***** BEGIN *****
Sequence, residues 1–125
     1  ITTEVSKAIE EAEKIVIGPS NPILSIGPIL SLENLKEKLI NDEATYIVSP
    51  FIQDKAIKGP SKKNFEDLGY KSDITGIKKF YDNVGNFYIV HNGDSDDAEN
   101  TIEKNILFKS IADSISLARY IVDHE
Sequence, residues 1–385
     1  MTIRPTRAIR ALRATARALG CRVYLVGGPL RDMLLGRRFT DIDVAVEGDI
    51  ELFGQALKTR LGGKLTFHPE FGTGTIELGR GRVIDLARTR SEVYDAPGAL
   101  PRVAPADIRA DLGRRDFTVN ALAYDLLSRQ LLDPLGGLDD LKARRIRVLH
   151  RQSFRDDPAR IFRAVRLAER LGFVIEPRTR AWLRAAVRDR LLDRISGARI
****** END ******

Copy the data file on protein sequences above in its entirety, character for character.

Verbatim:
Sequence, residues 1–125
     1  ITTEVSKAIE EAEKIVIGPS NPILSIGPIL SLENLKEKLI NDEATYIVSP
    51  FIQDKAIKGP SKKNFEDLGY KSDITGIKKF YDNVGNFYIV HNGDSDDAEN
   101  TIEKNILFKS IADSISLARY IVDHE
Sequence, residues 1–385
     1  MTIRPTRAIR ALRATARALG CRVYLVGGPL RDMLLGRRFT DIDVAVEGDI
    51  ELFGQALKTR LGGKLTFHPE FGTGTIELGR GRVIDLARTR SEVYDAPGAL
   101  PRVAPADIRA DLGRRDFTVN ALAYDLLSRQ LLDPLGGLDD LKARRIRVLH
   151  RQSFRDDPAR IFRAVRLAER LGFVIEPRTR AWLRAAVRDR LLDRISGARI